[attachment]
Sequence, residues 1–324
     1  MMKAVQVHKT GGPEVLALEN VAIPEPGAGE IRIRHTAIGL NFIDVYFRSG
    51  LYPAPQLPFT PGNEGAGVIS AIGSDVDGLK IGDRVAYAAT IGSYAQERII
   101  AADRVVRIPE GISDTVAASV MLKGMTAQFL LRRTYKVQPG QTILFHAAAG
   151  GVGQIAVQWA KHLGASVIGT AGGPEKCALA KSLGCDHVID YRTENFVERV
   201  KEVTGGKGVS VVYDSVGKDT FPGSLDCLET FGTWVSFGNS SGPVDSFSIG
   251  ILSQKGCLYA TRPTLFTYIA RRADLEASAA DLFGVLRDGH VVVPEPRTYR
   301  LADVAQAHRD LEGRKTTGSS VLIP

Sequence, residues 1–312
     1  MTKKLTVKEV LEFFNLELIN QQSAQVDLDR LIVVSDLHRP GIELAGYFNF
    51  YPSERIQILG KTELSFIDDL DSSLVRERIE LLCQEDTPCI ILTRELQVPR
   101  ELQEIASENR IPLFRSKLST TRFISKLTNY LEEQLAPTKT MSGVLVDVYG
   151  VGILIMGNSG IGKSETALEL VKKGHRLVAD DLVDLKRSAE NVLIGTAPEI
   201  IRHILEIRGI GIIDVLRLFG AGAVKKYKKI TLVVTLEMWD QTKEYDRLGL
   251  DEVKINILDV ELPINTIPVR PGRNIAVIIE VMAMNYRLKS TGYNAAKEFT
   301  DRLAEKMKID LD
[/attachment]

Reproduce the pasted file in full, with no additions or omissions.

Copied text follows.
Sequence, residues 1–324
     1  MMKAVQVHKT GGPEVLALEN VAIPEPGAGE IRIRHTAIGL NFIDVYFRSG
    51  LYPAPQLPFT PGNEGAGVIS AIGSDVDGLK IGDRVAYAAT IGSYAQERII
   101  AADRVVRIPE GISDTVAASV MLKGMTAQFL LRRTYKVQPG QTILFHAAAG
   151  GVGQIAVQWA KHLGASVIGT AGGPEKCALA KSLGCDHVID YRTENFVERV
   201  KEVTGGKGVS VVYDSVGKDT FPGSLDCLET FGTWVSFGNS SGPVDSFSIG
   251  ILSQKGCLYA TRPTLFTYIA RRADLEASAA DLFGVLRDGH VVVPEPRTYR
   301  LADVAQAHRD LEGRKTTGSS VLIP

Sequence, residues 1–312
     1  MTKKLTVKEV LEFFNLELIN QQSAQVDLDR LIVVSDLHRP GIELAGYFNF
    51  YPSERIQILG KTELSFIDDL DSSLVRERIE LLCQEDTPCI ILTRELQVPR
   101  ELQEIASENR IPLFRSKLST TRFISKLTNY LEEQLAPTKT MSGVLVDVYG
   151  VGILIMGNSG IGKSETALEL VKKGHRLVAD DLVDLKRSAE NVLIGTAPEI
   201  IRHILEIRGI GIIDVLRLFG AGAVKKYKKI TLVVTLEMWD QTKEYDRLGL
   251  DEVKINILDV ELPINTIPVR PGRNIAVIIE VMAMNYRLKS TGYNAAKEFT
   301  DRLAEKMKID LD